Here’s Claypool’s second big gain of the game. He’s lined up in the bunch set at the top of the screen field side. The Chargers defense has a coverage bust/miscommunication, so Ben finds Claypool in a sea of open space after he comes across the field on a shallow route.

After securing the pass in stride, Claypool immediately turns upfield to pick up as much YAC as possible. Diontae and Claypool are both explosive RAC receivers, so as one can expect, getting them the football with room to run on these short in-breakers has offered them the opportunity to pick up chunks of yards for the offense. Last week serving as a testament to the fact, the big plays are needed to spark the offense and put them in scoring position as many times as possible. DJ and Claypool are the guys to do just that.



These two clips come from the second and fourth quarter, respectively.

The first is from the second quarter. The Steelers are in a double wing formation and Claypool receives a fly sweep. He picks up a modest number of yards to move the Steelers closer to the end zone.

The second is from the fourth quarter. The Steelers again show the double wing formation. Claypool receives another fly sweep. This time the Chargers defense is prepared for it, so they tackle Claypool behind the line of scrimmage for a loss. Much too predictable, especially when considering how much the Steelers have utilized Claypool on jet/fly sweeps the last two years, specifically in short yardage and/or red zone situations. There’s always a time and a place, but that was neither the time nor the place.

This sequence of play calling was flat out bad. The offense was lucky that they were bailed out by a pass interference call on fourth down and didn’t squander the opportunity presented to them by the defense’s blocked punt. I realize that running room for the RBs was scarce due to the play of the offensive line, but the Steelers tried to get far too cute on a crucial possession. Situational play calling needs to be on point if you want to win close games.


Moving on, this clip is a reception by Claypool. Lined up in the bunch set at the bottom of the screen, Claypool evades the defenders in his path so that he can leak out to open space by the sideline. The two routes from the same bunch that travel upfield between the hashes and the numbers draws the attention of the underneath defenders, leaving Claypool unaccounted for. Ben sees him and gets a throw to him before the deep safety on that side of the field can travel over to his position. Good body control shown by Claypool to adjust to the throw. The reception creates third and manageable.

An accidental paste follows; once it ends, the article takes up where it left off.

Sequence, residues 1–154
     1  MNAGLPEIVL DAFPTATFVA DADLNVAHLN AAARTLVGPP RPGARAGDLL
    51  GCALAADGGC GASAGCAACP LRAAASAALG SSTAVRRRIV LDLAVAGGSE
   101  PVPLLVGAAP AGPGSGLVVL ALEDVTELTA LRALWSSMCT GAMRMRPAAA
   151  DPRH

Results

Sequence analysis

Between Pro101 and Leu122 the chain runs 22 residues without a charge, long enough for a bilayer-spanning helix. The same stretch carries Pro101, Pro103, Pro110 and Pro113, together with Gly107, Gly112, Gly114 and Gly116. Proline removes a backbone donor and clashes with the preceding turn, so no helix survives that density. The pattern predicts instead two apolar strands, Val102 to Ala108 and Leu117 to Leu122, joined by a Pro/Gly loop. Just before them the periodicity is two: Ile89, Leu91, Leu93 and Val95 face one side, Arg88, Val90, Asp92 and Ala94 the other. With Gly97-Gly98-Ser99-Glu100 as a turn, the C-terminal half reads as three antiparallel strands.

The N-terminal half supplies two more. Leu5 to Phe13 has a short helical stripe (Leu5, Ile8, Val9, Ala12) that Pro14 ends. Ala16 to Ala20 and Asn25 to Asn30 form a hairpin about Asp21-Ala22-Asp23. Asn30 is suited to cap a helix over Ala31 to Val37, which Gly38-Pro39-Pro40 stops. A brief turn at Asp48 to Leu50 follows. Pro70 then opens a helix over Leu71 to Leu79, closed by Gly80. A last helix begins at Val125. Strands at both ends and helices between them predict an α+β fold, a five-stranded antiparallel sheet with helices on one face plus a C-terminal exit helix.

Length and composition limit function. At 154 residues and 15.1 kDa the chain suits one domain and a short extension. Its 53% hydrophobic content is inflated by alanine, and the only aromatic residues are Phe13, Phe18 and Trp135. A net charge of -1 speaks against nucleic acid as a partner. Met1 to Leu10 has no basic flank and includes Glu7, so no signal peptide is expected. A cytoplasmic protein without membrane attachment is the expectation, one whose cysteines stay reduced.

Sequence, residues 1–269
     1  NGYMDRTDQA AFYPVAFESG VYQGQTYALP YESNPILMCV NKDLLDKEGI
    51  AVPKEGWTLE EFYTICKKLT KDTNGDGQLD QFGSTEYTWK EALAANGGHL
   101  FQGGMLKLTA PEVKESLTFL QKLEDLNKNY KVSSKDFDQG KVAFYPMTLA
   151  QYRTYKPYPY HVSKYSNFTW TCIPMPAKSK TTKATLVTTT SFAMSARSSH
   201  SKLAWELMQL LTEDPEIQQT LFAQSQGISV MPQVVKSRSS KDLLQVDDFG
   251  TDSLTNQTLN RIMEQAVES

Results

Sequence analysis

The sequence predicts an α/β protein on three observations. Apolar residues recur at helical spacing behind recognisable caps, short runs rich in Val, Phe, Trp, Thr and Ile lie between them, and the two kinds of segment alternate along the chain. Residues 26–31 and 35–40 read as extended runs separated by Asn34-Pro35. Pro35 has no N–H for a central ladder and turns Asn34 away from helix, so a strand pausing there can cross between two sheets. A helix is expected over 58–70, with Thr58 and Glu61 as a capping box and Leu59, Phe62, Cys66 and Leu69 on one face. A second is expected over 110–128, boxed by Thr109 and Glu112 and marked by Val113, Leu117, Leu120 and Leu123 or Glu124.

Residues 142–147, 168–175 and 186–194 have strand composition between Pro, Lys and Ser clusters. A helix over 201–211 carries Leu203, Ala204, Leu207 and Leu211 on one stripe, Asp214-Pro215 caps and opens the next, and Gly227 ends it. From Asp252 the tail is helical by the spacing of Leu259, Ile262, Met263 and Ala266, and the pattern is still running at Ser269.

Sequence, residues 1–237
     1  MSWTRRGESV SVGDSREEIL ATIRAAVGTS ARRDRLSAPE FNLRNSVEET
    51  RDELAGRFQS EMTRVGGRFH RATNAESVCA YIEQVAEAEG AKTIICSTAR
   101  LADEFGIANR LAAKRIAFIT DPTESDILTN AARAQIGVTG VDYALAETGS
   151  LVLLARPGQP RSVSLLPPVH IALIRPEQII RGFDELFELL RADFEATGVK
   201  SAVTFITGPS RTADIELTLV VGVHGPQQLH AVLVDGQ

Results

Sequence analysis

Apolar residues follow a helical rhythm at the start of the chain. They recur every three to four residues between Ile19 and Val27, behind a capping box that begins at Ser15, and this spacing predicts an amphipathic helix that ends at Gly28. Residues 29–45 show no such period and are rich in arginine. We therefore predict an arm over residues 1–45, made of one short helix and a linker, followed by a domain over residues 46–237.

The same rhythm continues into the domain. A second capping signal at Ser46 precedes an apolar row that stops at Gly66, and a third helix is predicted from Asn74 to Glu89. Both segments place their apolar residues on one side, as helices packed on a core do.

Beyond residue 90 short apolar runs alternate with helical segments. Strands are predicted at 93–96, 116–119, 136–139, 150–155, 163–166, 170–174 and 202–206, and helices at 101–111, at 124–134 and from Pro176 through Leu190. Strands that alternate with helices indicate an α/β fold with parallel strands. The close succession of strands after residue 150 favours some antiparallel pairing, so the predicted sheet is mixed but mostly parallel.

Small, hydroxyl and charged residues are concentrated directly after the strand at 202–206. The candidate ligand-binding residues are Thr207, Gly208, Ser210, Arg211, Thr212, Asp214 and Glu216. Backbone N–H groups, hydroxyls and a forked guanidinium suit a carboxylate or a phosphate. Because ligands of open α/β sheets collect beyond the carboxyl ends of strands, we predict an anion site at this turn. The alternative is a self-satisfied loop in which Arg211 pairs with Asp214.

This clip contains an issue that would eat at me if I didn’t write about it. While it may appear trivial to some, I think it’s important, and it should not be difficult for Claypool to do. One word: effort. Claypool is out wide field side. As Diontae Johnson comes gliding to his side of the field after catching a wide-open dig and finding room to roam, Claypool stops and watches Johnson run. In my opinion, I’d want to see Claypool sprint after Johnson. Primarily to make the attempt to assist him on his way upfield, and at minimum, to get in his general vicinity.

Who knows, if by chance Johnson loses the football, then Claypool might be in a position to pounce on it in order to keep the drive alive. You never know, that’s why these indolent plays can come back to bite you. Have to be prepared for the unexpected.

Also, Claypool has all the required physical tools with some great reps blocking on tape, but in this game, there were some instances where I thought he did not give 100%. I’ll give him the benefit of the doubt in his return from injury. He’s also shown great effort over his young career.


Finally, here’s a late-game catch from Claypool (bottom of the screen boundary side). Quick out with the defender in front of him playing off. Ben does a good job of not tipping his hand early regarding where he wants to go with the football. Easy completion. I would’ve liked to see Claypool use that big frame of his to fight for extra yards in the one-on-one situation though. Every inch matters.

When watching Claypool in action so far this year, I’ve felt that overall, there is still something to be desired. The sporadic variability in play of QB Ben Roethlisberger and the offensive unit as a whole needs to be taken into consideration, but I expected Claypool to make more of a jump in year two that I have not yet seen. He’s been iffy in contested catch situations with spotty technique, he still struggles to beat physicality/contact at times, and he’s not a consistent deep threat that allows this offense to truly open up.

His raw talent is not in question. Claypool possesses a considerable amount of promise, but he must continue to develop in those areas, as well as with his technical ability overall if he is to take a step forward as a wide receiver in the National Football League. With playing time amply available, the opportunity is there for the taking, and time will tell if Claypool capitalizes on it. He is, and will continue to be, a crucial component of this offense as they head down the stretch, where some significantly tough matchups await them.